Franklin Style Manual Online

1.2 Evaluating Sources

As you browse through each potential source, pay extra attention to the details that determine the source’s credibility. These include the author, the date of publication, and the publisher, as well as some qualities of the writing itself. Writing that includes documentation for references and standard edited English tends to carry more weight with academic audiences, especially if the source has been recently published by a peer‐reviewed journal or respected academic press.

That is not to say that other sources will not be useful for some writing projects. For instance, you may be assigned to write an analysis of an advertising campaign, which would obviously require you to cite sources that do not have the level of scrutiny required for academic publications. Likewise, you may be asked to analyze popular views of a software product as conveyed in selfpublished blogs and online consumer forums, neither of which can stand for academic publications, no matter the credentials of the contributors. These sources are fine for some purposes, but not others. The appropriateness of the source depends entirely upon the purpose of the assignment and how you are using the source in the paper. It is your job as a researcher and writer to make sure you know the criteria that determine a source’s credibility for your writing project.


1.2.1 Assessing the authority of sources

The overall authority of a source often depends upon the credentials of those writing or producing the sources, but it also depends upon whether the source has been scrutinized by professionals in the field. Peer reviewed journals represent the pinnacle of academic authority (even though the articles in them are not perfect or beyond critique), since multiple experts in the discipline have read and approved a source for publication. Journalistic sources, such as newspapers, are also considered highly credible, because a professional editor exercising respected journalistic standards has reviewed the work of practicing journalists. Some current event sources may nonetheless be stronger than others. For any edited source, you can learn much about its authority and suitability by researching the periodical or press itself, which may have particular focus areas, biases, and agendas that may affect how readers perceive the source’s credibility.

On the other end of the spectrum are unedited or self‐published sources. In particular, sources written by anonymous online authors, such as Wikipedia articles or reader‐posted comments on any site, do not uphold the standards of academic credibility, because readers never know the credentials of the last person who edited the entry. Any detail you find for reference on Wikipedia or similar wiki sites should be confirmed by a source having more authoritative production guidelines, such as those for peer‐reviewed journals or professionally edited books. In fact, a wiki article itself may cite credible sources, which you can access directly for your own research project.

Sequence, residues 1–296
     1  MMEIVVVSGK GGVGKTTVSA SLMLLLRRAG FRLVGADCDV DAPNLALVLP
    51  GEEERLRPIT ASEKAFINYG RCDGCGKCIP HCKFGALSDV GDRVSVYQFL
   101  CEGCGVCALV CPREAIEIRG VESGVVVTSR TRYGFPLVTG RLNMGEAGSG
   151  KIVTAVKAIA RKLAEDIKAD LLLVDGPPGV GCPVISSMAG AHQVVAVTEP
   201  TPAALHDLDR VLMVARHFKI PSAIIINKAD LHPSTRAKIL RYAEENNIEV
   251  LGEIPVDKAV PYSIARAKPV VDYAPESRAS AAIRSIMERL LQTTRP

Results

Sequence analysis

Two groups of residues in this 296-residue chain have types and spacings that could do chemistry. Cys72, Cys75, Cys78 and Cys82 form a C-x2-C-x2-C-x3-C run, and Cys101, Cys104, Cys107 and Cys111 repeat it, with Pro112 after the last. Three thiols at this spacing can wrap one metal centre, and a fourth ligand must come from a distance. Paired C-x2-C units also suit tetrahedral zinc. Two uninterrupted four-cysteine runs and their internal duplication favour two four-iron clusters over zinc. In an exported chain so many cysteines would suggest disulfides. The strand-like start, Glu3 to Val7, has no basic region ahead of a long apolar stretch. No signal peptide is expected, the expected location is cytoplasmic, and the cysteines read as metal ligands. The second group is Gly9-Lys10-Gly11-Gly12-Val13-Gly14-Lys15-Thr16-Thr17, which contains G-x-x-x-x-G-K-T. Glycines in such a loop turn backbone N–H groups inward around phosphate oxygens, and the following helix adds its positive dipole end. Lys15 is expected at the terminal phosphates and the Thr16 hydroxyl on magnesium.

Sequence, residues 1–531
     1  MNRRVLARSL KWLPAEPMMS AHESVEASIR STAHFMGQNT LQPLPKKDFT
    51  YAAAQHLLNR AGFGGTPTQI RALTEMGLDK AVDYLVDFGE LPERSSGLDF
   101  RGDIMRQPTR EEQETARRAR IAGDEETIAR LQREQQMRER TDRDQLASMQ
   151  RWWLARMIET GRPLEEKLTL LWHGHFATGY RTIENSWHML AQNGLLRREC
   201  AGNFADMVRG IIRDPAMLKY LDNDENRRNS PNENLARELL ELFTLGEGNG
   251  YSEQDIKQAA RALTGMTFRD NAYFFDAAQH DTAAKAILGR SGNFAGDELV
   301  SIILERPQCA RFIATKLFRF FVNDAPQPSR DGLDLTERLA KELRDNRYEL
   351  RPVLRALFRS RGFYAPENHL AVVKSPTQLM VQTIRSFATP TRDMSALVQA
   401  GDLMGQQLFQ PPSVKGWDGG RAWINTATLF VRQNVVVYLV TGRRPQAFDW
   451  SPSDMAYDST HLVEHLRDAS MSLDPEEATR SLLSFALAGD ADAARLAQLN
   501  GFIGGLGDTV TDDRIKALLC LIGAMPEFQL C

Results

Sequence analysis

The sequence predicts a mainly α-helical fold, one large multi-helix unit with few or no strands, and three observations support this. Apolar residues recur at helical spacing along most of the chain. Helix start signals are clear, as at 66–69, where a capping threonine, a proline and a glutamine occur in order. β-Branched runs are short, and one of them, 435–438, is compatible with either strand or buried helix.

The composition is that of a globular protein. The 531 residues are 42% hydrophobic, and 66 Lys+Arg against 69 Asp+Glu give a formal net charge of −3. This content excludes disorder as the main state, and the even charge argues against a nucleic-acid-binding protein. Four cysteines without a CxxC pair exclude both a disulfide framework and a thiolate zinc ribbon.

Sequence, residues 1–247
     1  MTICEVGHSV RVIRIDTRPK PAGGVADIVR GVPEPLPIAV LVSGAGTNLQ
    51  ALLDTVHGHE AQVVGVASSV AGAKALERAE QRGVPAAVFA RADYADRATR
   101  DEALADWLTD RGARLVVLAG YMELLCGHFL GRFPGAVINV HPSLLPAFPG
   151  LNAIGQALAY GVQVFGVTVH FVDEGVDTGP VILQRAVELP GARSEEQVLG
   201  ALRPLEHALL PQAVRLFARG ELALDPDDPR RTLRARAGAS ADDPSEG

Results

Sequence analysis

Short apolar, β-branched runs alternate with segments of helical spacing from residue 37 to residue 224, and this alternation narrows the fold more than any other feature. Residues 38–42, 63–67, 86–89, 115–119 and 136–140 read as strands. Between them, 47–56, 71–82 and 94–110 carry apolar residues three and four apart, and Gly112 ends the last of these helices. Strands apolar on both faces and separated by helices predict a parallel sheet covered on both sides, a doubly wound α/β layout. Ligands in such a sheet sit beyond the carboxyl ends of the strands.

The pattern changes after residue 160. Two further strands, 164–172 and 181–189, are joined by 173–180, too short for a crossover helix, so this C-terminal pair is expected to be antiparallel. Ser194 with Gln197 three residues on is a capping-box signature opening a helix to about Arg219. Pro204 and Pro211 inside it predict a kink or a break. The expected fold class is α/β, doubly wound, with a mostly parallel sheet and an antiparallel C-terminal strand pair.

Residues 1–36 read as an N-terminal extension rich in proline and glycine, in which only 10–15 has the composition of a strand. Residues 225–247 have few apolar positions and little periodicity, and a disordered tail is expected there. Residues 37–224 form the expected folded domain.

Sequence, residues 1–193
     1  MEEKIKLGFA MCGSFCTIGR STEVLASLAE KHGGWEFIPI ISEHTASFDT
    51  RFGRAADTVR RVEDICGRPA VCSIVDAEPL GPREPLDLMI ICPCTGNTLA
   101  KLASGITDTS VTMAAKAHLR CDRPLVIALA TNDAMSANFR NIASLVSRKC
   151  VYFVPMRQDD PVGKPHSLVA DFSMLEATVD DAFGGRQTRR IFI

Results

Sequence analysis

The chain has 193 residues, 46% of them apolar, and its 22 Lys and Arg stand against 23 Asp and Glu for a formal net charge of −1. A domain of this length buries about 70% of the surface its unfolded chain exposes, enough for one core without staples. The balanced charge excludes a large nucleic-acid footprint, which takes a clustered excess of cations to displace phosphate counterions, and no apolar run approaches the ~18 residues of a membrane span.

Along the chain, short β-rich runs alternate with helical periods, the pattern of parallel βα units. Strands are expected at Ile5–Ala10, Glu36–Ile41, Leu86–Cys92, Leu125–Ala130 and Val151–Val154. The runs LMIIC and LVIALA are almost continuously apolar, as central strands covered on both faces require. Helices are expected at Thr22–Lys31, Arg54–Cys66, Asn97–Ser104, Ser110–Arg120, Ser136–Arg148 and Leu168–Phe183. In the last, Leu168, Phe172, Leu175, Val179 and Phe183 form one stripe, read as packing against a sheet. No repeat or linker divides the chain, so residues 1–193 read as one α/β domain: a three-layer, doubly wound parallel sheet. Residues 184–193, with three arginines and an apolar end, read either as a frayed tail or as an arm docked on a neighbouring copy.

1.2.2 Assessing Web search results

Bear in mind that sources found online tend to require extra scrutiny, especially when located via a Web search engine. One cannot simply type subject keywords into Google and expect to retrieve instantly the most recent, unbiased, or scholarly of sources. Many valuable sources may indeed show up in queries conducted via one of these broad Web searches, but you will need to sift through the results to determine which sources are appropriate for your assignment.

There are various qualities to look for in assessing appropriateness. Academic or professional sources from the Web include organizational home pages or online professional journals. Nonprofessional and non‐academic sources may include personal home pages, blogs, or general online audience magazines. In general, if many pop‐up advertisements, advertising banners on the sides of the page, and/or “flashy” advertisements exist on the page, it is not likely to have much academic credibility—even so, it may be suitable as a source representing popular perspectives or, in some cases, news on current events. If a page references other scholarly works or professionals, it may be worth investigating, or perhaps the sources referenced by the page are worth review themselves.

Remember, finally, that sources used in a project should be accessible to readers, who can learn details about the source on your References page. Some of these details may be tricky to identify with some online sources. The trickier it is, the less likely those sources will be of use to readers.

Last Updated: 06/8/2012 13:03